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Youth Ministries are often the pillar of any Christian church’s continuity. If you can’t set teenage hearts on fire with love of God, they may go on to lead less fulfilling lives (or worse, be tempted into sinful ways). This being a difficult time in most teenagers’ lives, it is more important than ever to get a good youth ministry program started. See more information on how after the jump. It is important to raise youth that are absolutely sold out to God. Youth who are incredibly unstoppable in every aspect of life.
Find a good meeting location. Many churches already have a great hall for their youth group, but if not find some location where everyone will feel comfortable. A large room, a park in good weather, or the beach in the summer are great places for teenagers to connect.
Get the word out. Word of mouth works great, so encourage frequent members to talk to their friends about the youth group. Place an announcement in the church newsletter and Sunday bulletin. If the church has a website, add a link for youth ministry information. Don’t forget Facebook and Twitter, as these are very popular with youth.
Break the ice. For a lot of these kids, the youth group will evolve into their greatest friends base, and that’s a wonderful thing- if you can get it to happen. Play some get-to-know-you games, encourage group discussion and mingling. Get the teens out of their pre-set cliques. Make sure there are no teens left out or uncomfortable.
Let the youth lead. The youth know what the youth want. Often, it’s best to pick 11th or 12th graders to form a “core” or “leadership” team to plan events and the like. At this age, they’ll have developed maturity, planning skills, and hopefully a sincere love of God.
Sing praise to the Lord. Youth love music, and if you can find the right kind of music, even the quiet type will open up eventually. Set a mood, and use song as prayer. Those who aren’t willing to sing under most circumstances tend to find themselves singing with joy when the Holy Spirit acts through them.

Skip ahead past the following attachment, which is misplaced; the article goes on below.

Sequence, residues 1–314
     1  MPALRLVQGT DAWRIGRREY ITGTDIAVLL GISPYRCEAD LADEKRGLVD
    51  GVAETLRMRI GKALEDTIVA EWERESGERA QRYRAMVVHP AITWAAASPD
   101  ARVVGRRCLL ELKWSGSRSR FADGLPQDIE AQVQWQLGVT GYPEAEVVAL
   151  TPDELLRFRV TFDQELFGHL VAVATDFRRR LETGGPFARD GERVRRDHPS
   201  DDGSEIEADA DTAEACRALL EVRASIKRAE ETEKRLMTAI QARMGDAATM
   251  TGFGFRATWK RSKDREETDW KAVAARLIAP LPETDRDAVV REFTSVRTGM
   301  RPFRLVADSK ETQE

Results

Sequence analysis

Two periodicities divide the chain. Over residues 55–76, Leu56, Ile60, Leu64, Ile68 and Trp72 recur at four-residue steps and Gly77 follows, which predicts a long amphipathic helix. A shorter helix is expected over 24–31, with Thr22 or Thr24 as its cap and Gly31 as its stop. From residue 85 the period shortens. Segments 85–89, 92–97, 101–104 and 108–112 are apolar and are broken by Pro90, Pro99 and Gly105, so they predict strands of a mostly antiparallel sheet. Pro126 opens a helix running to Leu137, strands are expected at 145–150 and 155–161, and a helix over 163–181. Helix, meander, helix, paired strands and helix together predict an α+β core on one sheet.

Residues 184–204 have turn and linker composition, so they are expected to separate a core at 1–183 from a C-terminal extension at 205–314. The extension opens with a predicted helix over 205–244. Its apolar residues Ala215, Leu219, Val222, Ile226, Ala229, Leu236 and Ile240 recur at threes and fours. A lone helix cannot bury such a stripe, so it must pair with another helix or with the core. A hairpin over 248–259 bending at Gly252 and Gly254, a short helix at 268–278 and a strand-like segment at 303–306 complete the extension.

If you’re a youth, push to effect these changes. Many youth groups are stagnant because the youth just don’t care. Love of God is contagious, so let yours show for the benefit of those around you.
Sign up for or plan your own retreats. Away from the hustle of routine life, retreats can truly cause amazing spiritual conversions, and encourage youth to attend the regular meetings as well.
Pray for the youth of Christianity daily. There is perhaps no more important thing to do for your youth ministry than this.
Add New Question
What do I need to do when the youths lack passion for the regular services?
Get them involve in the planning and execution. Choose a leader who has charisma from among them.
Can organizing sports competitions help improve youth interest in God?
Oluyemi Sokunbi Emokpare
Yes. Every forum to gather people is an opportunity to showcase the goodness and love of God. Before the competition, you can arrange to pray and join hands with the team and share a scripture that will become a seed in their lives.
What are the most effective messages to preach in a youth service?
The Gospel. While this may seem like a overly simplified answer, the greatest mistakes that youth pastors tend to make is to try and make every message conform to what they think the youth want to hear. Young people today have a very strong desire for “real” leadership and can see quickly through all of the fluff that pastors are trying to feed them. Trust your young congregation with full and unabridged lessons from scripture and you will find that real leaders with real hunger for righteousness will come out of your congregation. When it comes to being effective and relatable, tie this real Biblical teaching to ways that they can apply it at home and in school.
The youth today is very naughty. How could I get back to them?
Functions and qualities of good leaders example treasurer and also the teens?
What do I do if the youth won’t listen to the youth ministry?
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- Don’t allow cliques to develop.
- Be aware that some youth may not have money to participate in activities like pizza and a movie, or going to a theme park. Try to establish a fund for such contingencies.